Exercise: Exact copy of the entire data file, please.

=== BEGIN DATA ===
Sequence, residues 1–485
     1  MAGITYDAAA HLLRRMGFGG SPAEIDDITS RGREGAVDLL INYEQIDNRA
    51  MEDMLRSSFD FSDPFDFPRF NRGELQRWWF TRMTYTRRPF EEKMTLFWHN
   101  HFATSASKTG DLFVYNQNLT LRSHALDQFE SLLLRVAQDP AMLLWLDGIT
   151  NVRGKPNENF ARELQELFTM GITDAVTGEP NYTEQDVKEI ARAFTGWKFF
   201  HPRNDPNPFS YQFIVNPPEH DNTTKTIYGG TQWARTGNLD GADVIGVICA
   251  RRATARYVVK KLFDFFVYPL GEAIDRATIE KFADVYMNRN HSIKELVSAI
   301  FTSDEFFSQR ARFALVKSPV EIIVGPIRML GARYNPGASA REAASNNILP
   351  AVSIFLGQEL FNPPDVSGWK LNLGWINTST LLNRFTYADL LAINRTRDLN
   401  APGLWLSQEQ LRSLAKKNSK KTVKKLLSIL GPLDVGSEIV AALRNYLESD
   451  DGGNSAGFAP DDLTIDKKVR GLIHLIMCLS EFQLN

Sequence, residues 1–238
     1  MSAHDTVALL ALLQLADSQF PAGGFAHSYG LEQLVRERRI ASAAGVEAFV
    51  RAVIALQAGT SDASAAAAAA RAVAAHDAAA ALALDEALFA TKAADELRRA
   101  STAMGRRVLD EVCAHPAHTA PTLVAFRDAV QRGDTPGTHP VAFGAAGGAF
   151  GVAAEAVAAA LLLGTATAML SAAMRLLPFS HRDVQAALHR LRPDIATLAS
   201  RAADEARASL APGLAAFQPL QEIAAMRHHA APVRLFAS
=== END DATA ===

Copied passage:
Sequence, residues 1–485
     1  MAGITYDAAA HLLRRMGFGG SPAEIDDITS RGREGAVDLL INYEQIDNRA
    51  MEDMLRSSFD FSDPFDFPRF NRGELQRWWF TRMTYTRRPF EEKMTLFWHN
   101  HFATSASKTG DLFVYNQNLT LRSHALDQFE SLLLRVAQDP AMLLWLDGIT
   151  NVRGKPNENF ARELQELFTM GITDAVTGEP NYTEQDVKEI ARAFTGWKFF
   201  HPRNDPNPFS YQFIVNPPEH DNTTKTIYGG TQWARTGNLD GADVIGVICA
   251  RRATARYVVK KLFDFFVYPL GEAIDRATIE KFADVYMNRN HSIKELVSAI
   301  FTSDEFFSQR ARFALVKSPV EIIVGPIRML GARYNPGASA REAASNNILP
   351  AVSIFLGQEL FNPPDVSGWK LNLGWINTST LLNRFTYADL LAINRTRDLN
   401  APGLWLSQEQ LRSLAKKNSK KTVKKLLSIL GPLDVGSEIV AALRNYLESD
   451  DGGNSAGFAP DDLTIDKKVR GLIHLIMCLS EFQLN

Sequence, residues 1–238
     1  MSAHDTVALL ALLQLADSQF PAGGFAHSYG LEQLVRERRI ASAAGVEAFV
    51  RAVIALQAGT SDASAAAAAA RAVAAHDAAA ALALDEALFA TKAADELRRA
   101  STAMGRRVLD EVCAHPAHTA PTLVAFRDAV QRGDTPGTHP VAFGAAGGAF
   151  GVAAEAVAAA LLLGTATAML SAAMRLLPFS HRDVQAALHR LRPDIATLAS
   201  RAADEARASL APGLAAFQPL QEIAAMRHHA APVRLFAS